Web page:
Too Many Ideas? How to Decide What to Focus on First.
Have you ever been in the position where you want to start something and find yourself paralysed by what to focus on first? Let's say, for example, you decide you want to make your long-held dream of writing a novel become a reality. But there are so many novels you want to write, choosing that first idea to focus on feels impossible. So you don't. You've been paralysed by too many ideas.
Or you want to create your own website, but where to start? You want to make videos, begin a podcast, have seven ideas for ebooks (and counting), and would like to use all of this to launch your public speaking career. But you have no idea which project to focus on first. So you don't.
I love coming up with new ideas—so many, that executing them all is impossible. Over the last few years, I’ve become more discerning about which ideas I see through, which ideas I save for later, and which I trash. This is still very a much a work in progress, but along the way, I’ve developed a set of criteria I find helpful for deciding which ideas to focus on first.
N.B. These criteria apply to big ideas: ideas that will take a lot of time to execute. I’m talking about starting a business, writing a book, what career to choose, and so on. For smaller ideas—which blog post to write first, which book to read next, which email topic to pick—I’ve found that the simple answer to inertia is recognising it’s NBD (no big deal), just pick something and get on with it. Done is better than perfect and these things are a small part of a larger body of work. Don't sweat the small stuff!
1. Get everything down on paper
It’s hard to make good decisions about your ideas while they’re all swirling around in your head. David Allen talks about this in his book Getting Things Done, where he describes a weekly practice called a “core dump.” This involves writing every single to-do, nagging thought, idea, or potential project you can think of.
The first time you do this, it will take time and might feel like pulling teeth, but it is so worth it. That paper becomes your “second brain.” It stores all this information for you, you no longer need to store it in your head, and your mind is free to focus on more important decisions.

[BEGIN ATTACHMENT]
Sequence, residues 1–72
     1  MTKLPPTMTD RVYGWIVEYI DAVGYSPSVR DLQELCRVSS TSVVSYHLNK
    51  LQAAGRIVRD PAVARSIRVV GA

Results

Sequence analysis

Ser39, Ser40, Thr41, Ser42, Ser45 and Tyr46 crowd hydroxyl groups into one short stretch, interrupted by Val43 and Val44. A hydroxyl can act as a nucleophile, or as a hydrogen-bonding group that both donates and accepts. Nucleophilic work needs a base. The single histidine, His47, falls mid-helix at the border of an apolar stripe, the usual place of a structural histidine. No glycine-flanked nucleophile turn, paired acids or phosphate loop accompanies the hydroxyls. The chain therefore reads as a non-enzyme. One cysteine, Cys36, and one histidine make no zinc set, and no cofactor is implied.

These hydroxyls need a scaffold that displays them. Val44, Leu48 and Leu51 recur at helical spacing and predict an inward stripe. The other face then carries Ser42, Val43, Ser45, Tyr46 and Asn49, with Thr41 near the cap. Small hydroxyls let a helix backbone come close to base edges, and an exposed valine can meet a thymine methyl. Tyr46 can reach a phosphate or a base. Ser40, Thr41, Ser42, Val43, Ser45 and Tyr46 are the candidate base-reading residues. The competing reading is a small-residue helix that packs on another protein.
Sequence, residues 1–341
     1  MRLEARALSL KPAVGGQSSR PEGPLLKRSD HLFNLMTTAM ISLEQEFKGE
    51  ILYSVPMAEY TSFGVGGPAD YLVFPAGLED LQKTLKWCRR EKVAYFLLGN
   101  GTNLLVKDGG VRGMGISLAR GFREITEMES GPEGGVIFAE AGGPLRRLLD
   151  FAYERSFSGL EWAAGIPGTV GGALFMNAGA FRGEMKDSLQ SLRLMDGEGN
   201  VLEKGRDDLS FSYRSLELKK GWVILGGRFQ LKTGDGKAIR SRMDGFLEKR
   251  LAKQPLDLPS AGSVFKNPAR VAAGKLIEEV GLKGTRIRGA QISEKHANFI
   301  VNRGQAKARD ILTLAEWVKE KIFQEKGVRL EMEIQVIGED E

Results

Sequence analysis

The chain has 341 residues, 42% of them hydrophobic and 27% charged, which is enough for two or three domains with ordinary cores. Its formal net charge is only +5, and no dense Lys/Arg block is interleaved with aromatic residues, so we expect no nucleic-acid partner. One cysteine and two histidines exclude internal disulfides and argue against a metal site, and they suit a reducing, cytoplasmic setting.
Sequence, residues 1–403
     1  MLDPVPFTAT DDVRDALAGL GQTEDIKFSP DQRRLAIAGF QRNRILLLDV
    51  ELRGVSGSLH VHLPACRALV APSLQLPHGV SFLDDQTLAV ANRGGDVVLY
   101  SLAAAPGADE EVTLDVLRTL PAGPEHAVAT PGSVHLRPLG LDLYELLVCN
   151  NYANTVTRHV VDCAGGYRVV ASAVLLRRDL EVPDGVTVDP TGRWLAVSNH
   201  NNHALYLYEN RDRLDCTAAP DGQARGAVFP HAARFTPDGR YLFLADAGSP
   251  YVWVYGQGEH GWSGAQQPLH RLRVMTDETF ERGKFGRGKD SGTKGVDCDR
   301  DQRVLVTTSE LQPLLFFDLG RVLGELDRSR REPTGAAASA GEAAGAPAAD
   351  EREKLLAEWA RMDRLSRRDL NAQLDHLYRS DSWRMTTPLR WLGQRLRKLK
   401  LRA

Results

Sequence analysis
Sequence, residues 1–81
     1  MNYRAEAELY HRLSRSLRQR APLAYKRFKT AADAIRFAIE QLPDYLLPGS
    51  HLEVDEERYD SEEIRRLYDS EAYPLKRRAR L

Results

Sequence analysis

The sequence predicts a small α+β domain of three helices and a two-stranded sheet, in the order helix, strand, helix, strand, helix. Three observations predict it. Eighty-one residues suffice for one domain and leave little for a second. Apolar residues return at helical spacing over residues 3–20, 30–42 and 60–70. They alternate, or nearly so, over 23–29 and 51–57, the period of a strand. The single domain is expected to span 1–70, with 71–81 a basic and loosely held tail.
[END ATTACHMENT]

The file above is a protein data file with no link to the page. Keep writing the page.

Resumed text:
Writing everything down also makes it easier to see how these decisions fit into the broader context of your life and everything else you have going on right now too.
2. Divide your life into buckets
A common productivity hack is to visualise the different areas of our lives as “buckets” and sort different ideas into different buckets according to which area of our lives they most impact. Just as it’s a good idea to only focus on one big idea per bucket at a time, I’ve also found it’s most effective to only focus on one bucket at a time.
So if you’re writing your first book or starting a side business, this might not be the best time to begin serious training for a triathlon. Those commitments will be competing for your time, energy and other finite resources and they risk diluting each other.
3. Ask: how does this idea align with my values?
If this idea is a long-term project, it will need to align with all your values. If there is a conflict of values, that will wear you down over time and affect your experience of what it is you’re doing.
What do you want from life? How do you see yourself living in five years time or ten years time? It's helpful to break life down into different areas, such as family, home, leisure, career, finance, health, and so on. When you evaluate these ideas against your long-term vision for your life overall, does your idea bring you closer to that vision, or is it more of a distraction?
4. Make sure you’re in love with the process, not just the outcome
Look at the reality of pursuing these ideas rather than the ideal and check you’re in love with the process rather than just the outcome. For example, what are the costs going to be? What is the time frame you’re looking at? Find people who have done what you want to do themselves and ask them about their experience.
5. Look for the low-hanging fruit
What idea can you realise in the shortest amount of time? What is the smallest step you can take first that will give you a sense of progress?
Action leads to momentum and momentum leads to action.Taking out the low-hanging actions first creates a snowball effect: the more action you take, the more motivated you feel to continue taking action.
5. Choose one thing & commit to the first milestone
Researching what other people have to say on this, the single idea that came up again and again was doing one thing at a time. In his book The One Thing, Gary Keller talks about this approach, explaining that we’re more likely to get started and stay started if we focus on just one project at a time rather than spreading our focus around two or three businesses, projects, etc. Decide in advance what the first milestone will be and commit to that point.
Ultimately, choosing which idea to pursue first isn’t as important as the pursuing itself. Ideas are great but they will stay ideas unless you take action.
If you’re in the “Arrrgh, too many ideas!” phase right now and want to create clarity, momentumm and progress, I'd love to help. I support writers and other creatives as they create habits that enable them to make progress with their most important projects and create a body of work that makes them proud. Try a week's free chat coaching with me using the code HANNAHBRAIMEWEEK.
What to Do When You Have Too Many Ideas (and Not Enough Time) – James ClearWhat to Do When You Have Too Many Ideas – LifehackToo Many Ideas – TED Conversations